Credit CS 3.00 (-0.50)

Steven Oh, CFA, Global Head of Credit & Fixed Income
The US election results have increased tail risk scenarios, shifting our recommendation to a neutral stance, given less base case certainty. We see greater potential for higher growth and inflationary pressures, which could compress credit spreads, but greater risk of downward volatility from further tapering or follow through on anti-trade rhetoric. Upcoming European elections are also elevating downside risks. We favor less duration-sensitive credit assets such as loans and high yield bonds. With high yield spreads widening versus investment grade tightening, we prefer high yield over investment grade and recommend a neutral stance between high yield and loans. We also see emerging market (EM) debt becoming more attractive, despite potential near-term volatility.

Currency (USD Perspective) CS 3.50 (+0.50)

Anders Faergemann, Senior Sovereign Portfolio Manager, Emerging Markets Fixed Income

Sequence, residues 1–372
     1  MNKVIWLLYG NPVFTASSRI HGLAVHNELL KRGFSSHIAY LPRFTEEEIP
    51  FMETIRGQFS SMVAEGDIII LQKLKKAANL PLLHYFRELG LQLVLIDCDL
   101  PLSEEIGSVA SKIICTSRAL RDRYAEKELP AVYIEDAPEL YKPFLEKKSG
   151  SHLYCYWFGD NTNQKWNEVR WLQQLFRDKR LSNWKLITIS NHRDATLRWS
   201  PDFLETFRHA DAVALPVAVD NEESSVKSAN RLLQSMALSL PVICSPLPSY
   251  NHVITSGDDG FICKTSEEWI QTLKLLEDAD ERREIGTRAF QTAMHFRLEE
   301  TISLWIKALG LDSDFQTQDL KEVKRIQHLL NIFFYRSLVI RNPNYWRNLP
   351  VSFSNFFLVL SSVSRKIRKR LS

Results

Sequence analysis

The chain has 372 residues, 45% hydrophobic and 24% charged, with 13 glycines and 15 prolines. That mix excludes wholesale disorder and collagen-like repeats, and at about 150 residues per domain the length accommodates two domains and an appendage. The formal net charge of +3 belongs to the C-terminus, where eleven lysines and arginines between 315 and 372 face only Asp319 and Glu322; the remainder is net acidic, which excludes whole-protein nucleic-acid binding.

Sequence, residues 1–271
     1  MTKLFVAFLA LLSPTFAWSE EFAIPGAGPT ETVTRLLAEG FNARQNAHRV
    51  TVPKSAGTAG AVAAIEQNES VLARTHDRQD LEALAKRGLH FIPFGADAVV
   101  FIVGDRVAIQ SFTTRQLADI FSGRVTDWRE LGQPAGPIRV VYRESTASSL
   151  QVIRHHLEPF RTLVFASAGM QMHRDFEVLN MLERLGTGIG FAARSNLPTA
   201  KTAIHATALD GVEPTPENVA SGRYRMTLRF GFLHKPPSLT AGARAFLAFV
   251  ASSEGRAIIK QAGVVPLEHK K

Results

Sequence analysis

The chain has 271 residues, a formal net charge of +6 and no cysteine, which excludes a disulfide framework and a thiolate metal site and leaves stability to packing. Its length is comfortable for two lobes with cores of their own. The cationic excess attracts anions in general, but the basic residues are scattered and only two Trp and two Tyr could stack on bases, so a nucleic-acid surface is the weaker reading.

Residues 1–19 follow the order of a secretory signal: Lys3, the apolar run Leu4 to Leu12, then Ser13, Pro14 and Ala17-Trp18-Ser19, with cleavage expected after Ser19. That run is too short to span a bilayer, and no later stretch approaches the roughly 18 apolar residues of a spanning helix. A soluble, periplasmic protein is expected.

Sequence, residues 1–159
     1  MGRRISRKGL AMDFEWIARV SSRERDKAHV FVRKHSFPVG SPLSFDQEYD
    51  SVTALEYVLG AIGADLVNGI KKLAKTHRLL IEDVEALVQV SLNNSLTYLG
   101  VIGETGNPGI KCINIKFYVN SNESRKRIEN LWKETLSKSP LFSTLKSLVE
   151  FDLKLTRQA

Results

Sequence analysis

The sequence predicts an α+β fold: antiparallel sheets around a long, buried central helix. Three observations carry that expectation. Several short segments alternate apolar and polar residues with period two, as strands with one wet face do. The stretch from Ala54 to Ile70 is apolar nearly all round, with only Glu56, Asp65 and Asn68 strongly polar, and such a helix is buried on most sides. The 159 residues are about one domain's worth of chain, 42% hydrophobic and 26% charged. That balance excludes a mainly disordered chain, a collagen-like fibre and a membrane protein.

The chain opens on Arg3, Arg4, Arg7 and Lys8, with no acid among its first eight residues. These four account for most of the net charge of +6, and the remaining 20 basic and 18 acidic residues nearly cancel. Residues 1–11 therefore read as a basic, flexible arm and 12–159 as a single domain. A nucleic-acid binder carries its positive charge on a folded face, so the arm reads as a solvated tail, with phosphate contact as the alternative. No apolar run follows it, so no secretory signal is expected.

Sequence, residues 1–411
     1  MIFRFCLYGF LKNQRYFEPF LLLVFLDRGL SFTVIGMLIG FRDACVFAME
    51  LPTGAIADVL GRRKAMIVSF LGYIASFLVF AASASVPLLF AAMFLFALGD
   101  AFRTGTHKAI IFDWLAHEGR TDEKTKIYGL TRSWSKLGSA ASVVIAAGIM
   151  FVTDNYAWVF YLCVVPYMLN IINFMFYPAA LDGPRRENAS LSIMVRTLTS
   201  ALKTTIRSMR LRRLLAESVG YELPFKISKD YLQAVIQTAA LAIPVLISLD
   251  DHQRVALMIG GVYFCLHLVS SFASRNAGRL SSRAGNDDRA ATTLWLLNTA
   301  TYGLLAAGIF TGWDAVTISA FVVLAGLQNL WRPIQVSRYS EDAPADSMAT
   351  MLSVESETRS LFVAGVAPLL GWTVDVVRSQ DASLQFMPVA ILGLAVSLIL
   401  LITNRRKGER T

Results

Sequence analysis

The US dollar is firmly in the driver’s seat after Trump’s victory, with talk of fiscal stimulus and tax cuts, trade protectionism, and reflation paving the way for higher US yields and monetary policy divergence with Japan and the eurozone. Political uncertainty in Europe has started to weigh on the euro, with the Italian referendum, Dutch elections, and French presidential election getting more attention. The trade-weighted Japanese yen shows signs of reversing its rise, with weakness mainly versus the US dollar. We recommend an underweight of the euro and, increasingly, the yen. We favor the Canadian and Australian dollars versus the British pound. In EM portfolios, we recommend reducing allocations to local currency bonds with rates correlated with US Treasuries and EM currencies suffering from the strong dollar.

EM Fixed Income

USD EM (Sovereign and Corp.) CS 3.25 (-0.25)

Local Markets (Sovereign) CS 3.00 (-0.75)

John Bates, Head of Emerging Markets Corporate Research, Emerging Markets Fixed Income
We strengthened both our US dollar and local market CS scores to reflect re-pricing of yields and spreads. The EM macro picture has not materially changed but the outlook has, based on already high expectations of a December rate hike coupled with Trump’s easing rhetoric on trade protectionism. Our credit trend outlook is primarily neutral with a slightly less negative bias. The risk-reward for investing in EM is starting to look more attractive again, against the backdrop of a broadly more positive fundamental outlook.